Do I have to make every decision?

Do you need my okay for every decision?

Woah!!! Why am I just hearing about this?

Ever said any of these statements to your team or in your head after a workday?

This was a challenge recently brought up in an Acumen council. The CEO was lamenting the challenge of feeling like he had to “approve” decisions of all kinds and that a constant stream of people and emails was taking away his time from strategic work to rubber stamp normal business. He was also concerned about his team’s growth and development.

How do you give enough authority to allow your team to make decisions, execute with speed, learn by doing some failing, keep me in the loop, and not sink the ship?

Good question. Sometimes there is an idea that the entire room takes notes on. This is one of those ideas.

Here’s where the discussion landed.

Another partner in the team had a simple framework for breaking down, assigning, and communicating authority. It helps clarify what can be a foggy fuzzy process. One CEO had this discussion with the entire exec team. He was surprised that he found was that there was a lack of clarity in how decisions were made – and this conversation made it crystal clear.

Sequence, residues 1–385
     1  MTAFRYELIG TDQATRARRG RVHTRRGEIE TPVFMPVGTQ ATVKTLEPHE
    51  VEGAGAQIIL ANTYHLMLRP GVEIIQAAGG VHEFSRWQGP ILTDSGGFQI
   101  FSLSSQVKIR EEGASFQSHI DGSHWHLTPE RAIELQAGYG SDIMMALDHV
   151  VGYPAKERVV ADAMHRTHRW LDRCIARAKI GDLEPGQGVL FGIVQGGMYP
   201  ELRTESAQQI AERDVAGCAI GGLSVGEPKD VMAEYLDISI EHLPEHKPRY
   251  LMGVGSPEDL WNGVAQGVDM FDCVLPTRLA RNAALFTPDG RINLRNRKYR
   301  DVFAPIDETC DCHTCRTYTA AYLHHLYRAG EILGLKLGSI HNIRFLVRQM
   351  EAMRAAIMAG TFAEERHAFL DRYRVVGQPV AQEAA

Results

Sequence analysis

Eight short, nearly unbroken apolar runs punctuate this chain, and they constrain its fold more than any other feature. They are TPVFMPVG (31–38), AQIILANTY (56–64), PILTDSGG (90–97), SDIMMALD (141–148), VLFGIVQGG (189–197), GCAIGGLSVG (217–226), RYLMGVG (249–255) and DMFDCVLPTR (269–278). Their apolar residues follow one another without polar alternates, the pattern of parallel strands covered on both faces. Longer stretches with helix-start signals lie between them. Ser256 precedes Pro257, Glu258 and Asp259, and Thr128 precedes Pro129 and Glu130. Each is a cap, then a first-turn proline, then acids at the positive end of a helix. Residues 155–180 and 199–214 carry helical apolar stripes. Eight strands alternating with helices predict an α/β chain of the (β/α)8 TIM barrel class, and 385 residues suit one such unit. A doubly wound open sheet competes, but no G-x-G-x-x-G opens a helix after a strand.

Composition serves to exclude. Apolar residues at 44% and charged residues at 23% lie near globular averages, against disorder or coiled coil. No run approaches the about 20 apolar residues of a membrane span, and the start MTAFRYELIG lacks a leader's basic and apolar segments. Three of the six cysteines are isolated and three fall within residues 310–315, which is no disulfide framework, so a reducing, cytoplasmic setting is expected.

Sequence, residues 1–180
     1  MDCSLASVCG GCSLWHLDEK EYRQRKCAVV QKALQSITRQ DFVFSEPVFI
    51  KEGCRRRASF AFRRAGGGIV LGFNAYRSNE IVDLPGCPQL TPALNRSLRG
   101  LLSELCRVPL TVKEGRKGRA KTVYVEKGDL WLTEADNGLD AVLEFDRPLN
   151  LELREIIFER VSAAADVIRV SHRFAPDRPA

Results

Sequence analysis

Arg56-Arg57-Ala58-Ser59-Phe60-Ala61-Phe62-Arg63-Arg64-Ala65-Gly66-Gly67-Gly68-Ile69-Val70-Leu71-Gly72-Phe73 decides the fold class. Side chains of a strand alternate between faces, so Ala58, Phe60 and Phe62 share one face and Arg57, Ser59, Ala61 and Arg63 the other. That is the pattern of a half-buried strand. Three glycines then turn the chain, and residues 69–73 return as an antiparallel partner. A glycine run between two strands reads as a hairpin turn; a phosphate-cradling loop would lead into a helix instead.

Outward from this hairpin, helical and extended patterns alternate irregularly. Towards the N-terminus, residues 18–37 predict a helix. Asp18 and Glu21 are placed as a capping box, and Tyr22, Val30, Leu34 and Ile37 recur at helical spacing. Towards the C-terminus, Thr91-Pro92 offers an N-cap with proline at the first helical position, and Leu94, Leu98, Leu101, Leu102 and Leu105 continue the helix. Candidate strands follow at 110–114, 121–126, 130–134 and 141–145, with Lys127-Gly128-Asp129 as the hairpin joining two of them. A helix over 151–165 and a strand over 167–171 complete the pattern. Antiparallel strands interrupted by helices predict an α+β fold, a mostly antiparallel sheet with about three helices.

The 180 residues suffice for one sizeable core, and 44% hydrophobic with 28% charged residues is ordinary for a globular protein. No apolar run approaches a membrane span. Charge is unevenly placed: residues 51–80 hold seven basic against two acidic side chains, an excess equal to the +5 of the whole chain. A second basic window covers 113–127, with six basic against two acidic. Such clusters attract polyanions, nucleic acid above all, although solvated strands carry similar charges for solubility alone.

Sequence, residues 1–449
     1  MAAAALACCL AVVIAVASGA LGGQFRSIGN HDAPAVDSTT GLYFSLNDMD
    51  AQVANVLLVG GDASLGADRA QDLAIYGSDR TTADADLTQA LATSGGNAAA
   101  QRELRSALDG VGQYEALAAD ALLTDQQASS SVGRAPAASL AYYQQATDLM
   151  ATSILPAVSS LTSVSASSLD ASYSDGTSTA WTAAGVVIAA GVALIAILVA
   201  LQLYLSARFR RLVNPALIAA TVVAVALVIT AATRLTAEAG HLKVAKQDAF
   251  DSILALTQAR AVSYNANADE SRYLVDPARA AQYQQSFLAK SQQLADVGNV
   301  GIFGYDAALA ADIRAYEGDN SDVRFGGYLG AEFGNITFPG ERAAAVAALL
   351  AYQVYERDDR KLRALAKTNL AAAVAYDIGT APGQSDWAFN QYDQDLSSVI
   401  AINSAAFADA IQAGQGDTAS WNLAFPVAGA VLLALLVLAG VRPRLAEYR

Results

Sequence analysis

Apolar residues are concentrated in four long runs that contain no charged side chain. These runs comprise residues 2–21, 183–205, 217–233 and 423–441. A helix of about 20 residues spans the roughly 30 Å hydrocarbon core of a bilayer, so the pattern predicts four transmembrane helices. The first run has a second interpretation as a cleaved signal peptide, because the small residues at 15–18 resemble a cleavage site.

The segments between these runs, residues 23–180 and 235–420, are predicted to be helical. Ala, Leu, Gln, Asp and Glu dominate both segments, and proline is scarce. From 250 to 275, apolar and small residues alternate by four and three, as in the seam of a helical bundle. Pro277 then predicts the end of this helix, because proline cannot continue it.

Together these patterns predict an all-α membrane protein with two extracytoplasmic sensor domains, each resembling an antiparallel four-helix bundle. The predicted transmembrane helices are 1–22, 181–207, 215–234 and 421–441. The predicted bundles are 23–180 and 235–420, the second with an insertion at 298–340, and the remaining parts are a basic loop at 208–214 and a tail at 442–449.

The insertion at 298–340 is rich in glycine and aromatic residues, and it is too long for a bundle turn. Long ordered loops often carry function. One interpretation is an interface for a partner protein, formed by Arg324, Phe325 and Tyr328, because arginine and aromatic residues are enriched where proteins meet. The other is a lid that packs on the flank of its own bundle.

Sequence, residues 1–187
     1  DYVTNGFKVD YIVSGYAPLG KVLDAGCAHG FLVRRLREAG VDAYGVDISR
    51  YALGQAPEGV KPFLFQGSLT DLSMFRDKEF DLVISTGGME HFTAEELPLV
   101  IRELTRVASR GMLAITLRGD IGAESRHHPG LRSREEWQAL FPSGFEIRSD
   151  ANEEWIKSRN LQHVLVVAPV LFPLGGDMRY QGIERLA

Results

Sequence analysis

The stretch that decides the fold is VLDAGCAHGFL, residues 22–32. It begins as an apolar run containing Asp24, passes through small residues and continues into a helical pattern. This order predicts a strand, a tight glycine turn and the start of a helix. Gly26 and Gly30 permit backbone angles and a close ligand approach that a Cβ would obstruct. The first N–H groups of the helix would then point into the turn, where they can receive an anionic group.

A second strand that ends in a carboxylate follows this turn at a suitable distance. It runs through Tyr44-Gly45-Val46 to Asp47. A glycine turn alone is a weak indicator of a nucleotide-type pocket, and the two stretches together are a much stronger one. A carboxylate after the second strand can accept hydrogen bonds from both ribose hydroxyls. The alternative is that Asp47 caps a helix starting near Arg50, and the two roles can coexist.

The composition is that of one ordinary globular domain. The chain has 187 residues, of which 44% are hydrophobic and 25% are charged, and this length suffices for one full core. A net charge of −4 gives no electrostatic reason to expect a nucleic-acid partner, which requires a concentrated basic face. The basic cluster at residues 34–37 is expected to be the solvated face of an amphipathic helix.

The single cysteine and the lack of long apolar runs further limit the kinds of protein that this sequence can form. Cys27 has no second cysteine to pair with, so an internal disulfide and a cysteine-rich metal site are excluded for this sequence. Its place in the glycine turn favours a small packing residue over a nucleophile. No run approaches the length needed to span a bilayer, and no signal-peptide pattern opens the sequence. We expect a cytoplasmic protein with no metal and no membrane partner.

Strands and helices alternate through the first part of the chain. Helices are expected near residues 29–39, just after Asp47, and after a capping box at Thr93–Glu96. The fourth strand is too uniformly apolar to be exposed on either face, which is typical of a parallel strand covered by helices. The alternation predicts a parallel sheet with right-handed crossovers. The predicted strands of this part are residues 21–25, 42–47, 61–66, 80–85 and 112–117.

There are three decision “buckets” that you can use for discussing authority with your team.

1. Just do it’s

These are the conversations that don’t need to happen. They are daily decisions or no-brainers that your team should implement without any feedback. What and where should your team implement something without any other person’s input because it just makes sense and provides instant benefit.

2. FYI

These are decisions that are made, and you need to know about them. It’s not a “right now” thing but good to be informed. They could be communicated in your weekly 1:1 or an email. I’m a big fan of no surprises. This helps keep you in the know and up to date.

3. Decide together

One of the leaders called this “Turning two keys.” Think submarine movies: there are always two people that have keys to launch nuclear missiles. It’s too much power for one person to have alone. The same goes for your business. What decisions are too big for one person to make alone? Where does your team need “two keys” decision-making?

Try it out. At your next meeting, be curious and ask what topics your team would put in each bucket. Same time for yourself and increase your team’s growth and execution.

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